Sunday, March 27, 2011

Moto Middle Age

I received an email from an old friend a few weeks ago. It was addressed to all of his riding buddies and it listed all but one of his motorcycles as being for sale. We'd caught up over lunch the week prior so this wasn't a total surprise but somehow, seeing the bikes and prices listed made the whole situation much more "real."
Seems that after almost 40 years of riding, my friend Stan's health is forcing him to give up riding. For a hard core, dyed in the wool rider in his fifties, that's got to be a tough pill to swallow. He's keeping one bike, a Triumph Sprint, just in case but it's looking more and more like he'll be stuck in four wheels.

I've known Stan since the late 80's and he was the rider you couldn't help but envy. He always had an enviable assortment of two wheeled toys and did crazy stuff like traveling long distances!!! by motorcycle. When we met, I'd recently purchased my first motorcycle, an '82 CB750F and Stan was a good influence...encouraging use of proper gear, rider training and all that other un-sexy stuff that keeps a new rider alive. He was also kind enough to tolerate my slow ass self when I tagged along on day rides.
The objective observer might find it hard to feel sorry for Stan, heck he's owned dozens of bikes, ridden all over the US and Europe with a two wheeled vacation of some sort nearly every year, wife on pillion or solo. Still, it's hard not to be bummed for a friend losing the ability to enjoy his true passion. I'm keeping him in my thoughts, hoping he'll find a way to ride again in the future.

It's a good reminder to do the things you want to do, while you are able to.

I've noticed a lot of my friends seem to be in transition of late. Some have discovered the joy of off road riding after years of asphalt only motorcycling. Others are dipping a toe into that thing called adulthood; serious relationships, responsibilities and that's affecting their ability to ride like they want to. Heck, even my daughter is taking the step from dirt riding to street, a prospect that simultaneously makes me proud and scares the heck out of me. Taking the whole tableau in, I find myself unconsciously slotting myself into some sort of rider's timeline. If I'm lucky, I've hit moto middle age. I have the money to afford a selection of bikes that I can't help but smile about, I have the time to ride and I'm still young enough to enjoy riding hard.  I'm finally getting to do the stuff I'd dreamed about and I make it a point to remain thankful.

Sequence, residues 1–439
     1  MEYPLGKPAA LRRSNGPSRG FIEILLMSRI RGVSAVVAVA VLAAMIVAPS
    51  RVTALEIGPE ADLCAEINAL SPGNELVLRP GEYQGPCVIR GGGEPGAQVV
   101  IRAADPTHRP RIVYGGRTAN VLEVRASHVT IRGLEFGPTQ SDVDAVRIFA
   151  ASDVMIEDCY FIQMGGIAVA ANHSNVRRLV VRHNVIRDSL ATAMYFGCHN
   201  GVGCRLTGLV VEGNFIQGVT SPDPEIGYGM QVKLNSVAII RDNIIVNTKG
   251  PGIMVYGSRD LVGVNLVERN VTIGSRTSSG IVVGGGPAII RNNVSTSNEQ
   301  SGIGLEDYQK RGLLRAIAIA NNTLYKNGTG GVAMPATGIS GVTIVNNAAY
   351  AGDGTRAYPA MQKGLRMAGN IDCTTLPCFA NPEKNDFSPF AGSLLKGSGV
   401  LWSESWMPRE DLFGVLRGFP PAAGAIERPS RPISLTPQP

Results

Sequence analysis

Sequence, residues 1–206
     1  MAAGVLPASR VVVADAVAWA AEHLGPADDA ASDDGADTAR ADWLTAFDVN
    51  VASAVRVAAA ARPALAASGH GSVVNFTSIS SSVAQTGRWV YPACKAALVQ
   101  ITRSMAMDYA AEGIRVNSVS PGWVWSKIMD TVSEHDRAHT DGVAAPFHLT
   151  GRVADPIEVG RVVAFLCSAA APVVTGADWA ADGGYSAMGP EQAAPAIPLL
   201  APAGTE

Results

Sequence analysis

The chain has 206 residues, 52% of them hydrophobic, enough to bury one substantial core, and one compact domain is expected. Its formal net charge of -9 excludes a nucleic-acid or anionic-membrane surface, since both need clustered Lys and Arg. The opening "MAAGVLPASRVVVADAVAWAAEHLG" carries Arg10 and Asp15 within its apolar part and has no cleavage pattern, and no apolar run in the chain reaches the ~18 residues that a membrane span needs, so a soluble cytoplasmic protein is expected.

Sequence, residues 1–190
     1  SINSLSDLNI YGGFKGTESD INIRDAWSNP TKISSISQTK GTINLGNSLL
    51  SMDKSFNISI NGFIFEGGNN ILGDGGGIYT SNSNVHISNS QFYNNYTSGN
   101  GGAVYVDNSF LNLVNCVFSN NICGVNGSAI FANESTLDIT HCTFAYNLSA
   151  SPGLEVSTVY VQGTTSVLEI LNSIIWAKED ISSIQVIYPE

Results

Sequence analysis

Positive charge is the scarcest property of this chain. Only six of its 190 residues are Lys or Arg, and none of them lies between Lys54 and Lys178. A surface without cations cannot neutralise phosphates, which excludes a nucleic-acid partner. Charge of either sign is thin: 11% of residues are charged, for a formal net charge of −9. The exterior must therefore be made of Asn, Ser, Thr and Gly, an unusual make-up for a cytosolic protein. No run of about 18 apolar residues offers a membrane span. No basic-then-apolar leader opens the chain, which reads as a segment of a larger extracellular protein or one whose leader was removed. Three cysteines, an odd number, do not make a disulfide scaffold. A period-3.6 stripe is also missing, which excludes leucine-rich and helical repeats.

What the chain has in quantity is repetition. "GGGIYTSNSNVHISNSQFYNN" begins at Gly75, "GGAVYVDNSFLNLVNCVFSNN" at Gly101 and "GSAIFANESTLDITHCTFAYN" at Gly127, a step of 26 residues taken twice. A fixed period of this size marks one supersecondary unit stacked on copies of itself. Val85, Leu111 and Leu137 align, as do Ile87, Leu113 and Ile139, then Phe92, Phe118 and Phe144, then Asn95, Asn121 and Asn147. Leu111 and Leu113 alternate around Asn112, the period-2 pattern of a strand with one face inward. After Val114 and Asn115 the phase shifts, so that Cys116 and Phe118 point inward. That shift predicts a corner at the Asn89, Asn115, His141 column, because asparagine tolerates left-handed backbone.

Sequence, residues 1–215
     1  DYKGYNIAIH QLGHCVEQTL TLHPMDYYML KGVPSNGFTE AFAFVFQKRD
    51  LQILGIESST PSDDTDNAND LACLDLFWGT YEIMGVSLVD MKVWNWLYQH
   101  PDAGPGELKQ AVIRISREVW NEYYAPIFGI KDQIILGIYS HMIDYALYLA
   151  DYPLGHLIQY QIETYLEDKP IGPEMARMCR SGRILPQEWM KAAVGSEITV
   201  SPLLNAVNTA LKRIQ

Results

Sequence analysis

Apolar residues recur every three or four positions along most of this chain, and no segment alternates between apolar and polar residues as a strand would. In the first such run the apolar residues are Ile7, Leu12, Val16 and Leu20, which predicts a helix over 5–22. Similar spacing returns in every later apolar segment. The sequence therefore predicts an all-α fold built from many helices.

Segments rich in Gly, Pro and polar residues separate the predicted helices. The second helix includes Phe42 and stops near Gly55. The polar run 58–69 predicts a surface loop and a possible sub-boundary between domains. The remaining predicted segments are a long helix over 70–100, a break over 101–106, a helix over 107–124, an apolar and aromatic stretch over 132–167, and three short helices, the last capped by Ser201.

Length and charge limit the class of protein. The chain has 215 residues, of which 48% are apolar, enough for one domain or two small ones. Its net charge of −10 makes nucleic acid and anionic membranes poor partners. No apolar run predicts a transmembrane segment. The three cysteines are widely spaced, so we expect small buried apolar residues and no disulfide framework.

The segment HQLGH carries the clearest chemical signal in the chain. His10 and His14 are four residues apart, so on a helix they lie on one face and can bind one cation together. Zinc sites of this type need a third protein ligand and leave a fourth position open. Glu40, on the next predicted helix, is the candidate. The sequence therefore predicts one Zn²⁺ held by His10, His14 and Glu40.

It all started right here for me

Who knows when or how it will end but here's to making the most of it in the meantime.

Saturday, March 12, 2011

Keeping your head in the game

I promised myself I'd blog mostly moto related stuff and nothing else. Hence the big gap. I did have some cool motorcycle related stuff worth blogging from early last year but frankly, I just didn't feel like typing it up. Really, I didn't feel like doing much at all.

If you're like me, you spend a lot of time thinking about your bikes, upgrades, repairs, tires...oh yeah, all manner of things to keep them working exactly the way you want them to. Again, if you're like me, you also do some basic things to keep your body humming along. I have often joked that I go to the gym simply to avoid buying new leathers.
Unfortunately, it's harder to predict the performance of the human machine. A few years ago, I had some fun with my thyroid and while the idea of having a rare cancer was pretty scary at the time, the promise at the end of the whole thing was a normal life with the caveat of needing a pill every day.

Yeah, about that.....

Like I said, it's harder to predict the performance of the human machine than a mechanical one. Who knew how much of an effect little variations of one chemical could have on your overall well being.
There is, however, good news. EVENTUALLY, there is a point at which they finally find the right amount of stuff to pop every morning to feel mostly normal again. Ok, so it took two years of roller coaster good times to get there but I think we're close. And, it's nearly spring here in the north east....heck yeah!

Soooooo, I think I will take the next couple of posts to highlight some of the good stuff from last year with the expectation that I will have lots more two wheeled fun to talk about for 2011.

Here's a teaser

What sort of person takes a freebie, barn find CT70 Mini Trail, rebuilds it in 5 weeks or so, adds a 150cc engine and then ships it to LA for a trip to San Francisco? Oh, the chubby SOB in the silver helmet there is likely to do anything when he's feeling good :D